The other story that doesn’t happen in the anime is Akio’s little escapade. What I found kind of strange about his route is that it’s a branch off of After Story that gets its own ending. I don’t see why it couldn’t have just been rolled in with the rest of it like Sanae’s or Yoshino’s was.

While After Story remained largely the same, there are some important differences in the visual novel’s account of the development of Tomoya’s and Nagisa’s relationship. The visual novel doesn’t really give Nagisa many things to be happy about. I was surprised that their initial failure to get the theatre club going was actually the starting point of their formal relationship. And then there’s Nagisa getting sick almost immediately after the play and her terrible school life after Tomoya graduates.

There’s a lot more focus on their relationship too, since all of that running around doing stuff for and making friends with the other girls is all gone. In the anime, Nagisa is able to participate in all of this helping and friend making stuff, but in her story in the visual novel, she doesn’t really get any breaks like that. Basically, it’s all about how Tomoya and Nagisa build their relationship in spite of all the crap that gets thrown their way.

For the most part, the anime is excellent. It’s one of very few anime adaptations of a visual novel that’s a perfectly fine substitute for the anime. If you do choose to play it, do know that it is super long. Unless you have a lot of time and you really like Clannad, you probably won’t get much out of playing it instead of or after watching the anime.

# The Future Gadget Lab vs. Kolmogorov complexity

「Steins;Gate」/「いさりび」

In Steins;Gate 12, the Future Gadget Lab is faced with a problem. They need to send a copy of a person’s memory, or about 3.24 TB, to the past, but they can only send 36 bytes. What is a MADDO SCIENTISTO to do? What they end up doing is sending that data to the Large Hadron Collider to compress with a black hole. Problem solved! Or is it?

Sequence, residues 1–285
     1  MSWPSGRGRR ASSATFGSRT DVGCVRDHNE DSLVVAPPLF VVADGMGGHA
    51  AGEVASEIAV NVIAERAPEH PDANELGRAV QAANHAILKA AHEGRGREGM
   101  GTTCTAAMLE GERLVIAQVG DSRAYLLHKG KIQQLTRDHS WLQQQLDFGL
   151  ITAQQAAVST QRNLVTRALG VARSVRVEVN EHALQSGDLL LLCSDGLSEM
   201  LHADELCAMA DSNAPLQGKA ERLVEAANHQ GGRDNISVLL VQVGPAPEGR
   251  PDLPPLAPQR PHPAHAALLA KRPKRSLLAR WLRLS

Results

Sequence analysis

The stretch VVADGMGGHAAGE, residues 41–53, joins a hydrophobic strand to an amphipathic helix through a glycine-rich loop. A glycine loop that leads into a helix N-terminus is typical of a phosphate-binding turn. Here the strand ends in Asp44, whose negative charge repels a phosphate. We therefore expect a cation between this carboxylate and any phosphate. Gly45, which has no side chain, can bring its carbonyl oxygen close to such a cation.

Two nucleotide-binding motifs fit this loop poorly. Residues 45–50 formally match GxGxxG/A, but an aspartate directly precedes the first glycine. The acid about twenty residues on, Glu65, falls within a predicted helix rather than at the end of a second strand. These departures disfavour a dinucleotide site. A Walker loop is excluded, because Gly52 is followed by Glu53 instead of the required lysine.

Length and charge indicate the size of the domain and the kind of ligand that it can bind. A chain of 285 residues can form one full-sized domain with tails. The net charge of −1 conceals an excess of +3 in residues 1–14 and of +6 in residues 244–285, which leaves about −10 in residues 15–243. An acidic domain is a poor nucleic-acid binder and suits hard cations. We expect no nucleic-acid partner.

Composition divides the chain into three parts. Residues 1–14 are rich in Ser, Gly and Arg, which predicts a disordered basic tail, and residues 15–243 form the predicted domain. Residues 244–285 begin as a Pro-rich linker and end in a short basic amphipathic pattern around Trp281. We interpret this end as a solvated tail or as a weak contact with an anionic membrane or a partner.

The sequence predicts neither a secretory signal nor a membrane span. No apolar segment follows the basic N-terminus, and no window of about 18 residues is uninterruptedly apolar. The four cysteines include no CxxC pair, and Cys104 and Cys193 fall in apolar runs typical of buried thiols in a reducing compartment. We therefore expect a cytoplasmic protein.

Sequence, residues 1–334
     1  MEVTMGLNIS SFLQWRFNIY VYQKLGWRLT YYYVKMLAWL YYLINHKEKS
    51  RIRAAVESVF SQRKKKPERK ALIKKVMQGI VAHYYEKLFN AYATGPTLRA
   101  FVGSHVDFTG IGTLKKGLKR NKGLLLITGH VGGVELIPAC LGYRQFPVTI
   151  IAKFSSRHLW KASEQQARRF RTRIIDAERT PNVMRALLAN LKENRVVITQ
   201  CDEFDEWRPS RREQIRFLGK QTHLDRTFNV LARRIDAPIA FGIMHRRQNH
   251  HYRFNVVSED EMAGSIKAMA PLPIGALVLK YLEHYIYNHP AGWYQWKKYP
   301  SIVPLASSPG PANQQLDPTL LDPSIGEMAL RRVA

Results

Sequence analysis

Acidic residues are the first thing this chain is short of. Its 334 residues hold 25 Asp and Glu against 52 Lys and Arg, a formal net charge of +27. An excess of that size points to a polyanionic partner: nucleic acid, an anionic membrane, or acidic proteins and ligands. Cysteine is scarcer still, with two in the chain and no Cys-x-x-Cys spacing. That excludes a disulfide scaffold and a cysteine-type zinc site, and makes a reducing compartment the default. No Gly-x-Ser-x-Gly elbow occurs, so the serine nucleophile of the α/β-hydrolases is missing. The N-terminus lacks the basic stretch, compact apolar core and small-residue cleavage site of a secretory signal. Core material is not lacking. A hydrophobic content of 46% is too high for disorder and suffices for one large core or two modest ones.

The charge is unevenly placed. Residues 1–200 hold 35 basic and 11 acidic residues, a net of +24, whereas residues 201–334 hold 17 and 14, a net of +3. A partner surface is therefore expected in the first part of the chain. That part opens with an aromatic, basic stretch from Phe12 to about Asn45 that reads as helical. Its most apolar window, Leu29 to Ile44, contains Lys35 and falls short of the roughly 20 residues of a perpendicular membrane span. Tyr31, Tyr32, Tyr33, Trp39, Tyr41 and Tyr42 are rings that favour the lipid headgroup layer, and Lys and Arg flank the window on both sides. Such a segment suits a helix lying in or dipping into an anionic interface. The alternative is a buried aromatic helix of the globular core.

Obviously, using a black hole to compress data is silly, since a black hole would probably just destroy the data. In fact, it’s probably unnecessary, since if it were physically possible to achieve that kind of compression, you’d be able to do it on any computer because of the Church-Turing thesis. The only thing that would change is how quickly the algorithm would run. Luckily, in theoretical computer science, when dealing with the question of whether something is possible or not, we don’t care how long it’ll take. So, is there a compression algorithm that can give us the desired result?

Basically what we’re doing when were compressing stuff is we’re trying to rewrite a bunch if zeroes and ones, or strings, into a smaller bunch of zeroes and ones that mean the same thing. In general, this is impossible to do, since there are less strings of zeroes and ones when you have less digits, so you can’t arbitrarily stuff, say eight bits of information into seven bits. What you can do is create a way to describe the zeroes and ones in a way that is smaller than what you start out with.

For instance, we can describe strings of zeroes and ones in plain English. It’s shorter to write “one hundred zeroes followed by one hundred ones” than writing

00000000000000000000000000000000000000000000000000
00000000000000000000000000000000000000000000000000
11111111111111111111111111111111111111111111111111
11111111111111111111111111111111111111111111111111

The obvious problem with our compression scheme so far is that there are some strings that are not very easy to describe and it might be longer to describe in English than it would be to just write the bits themselves.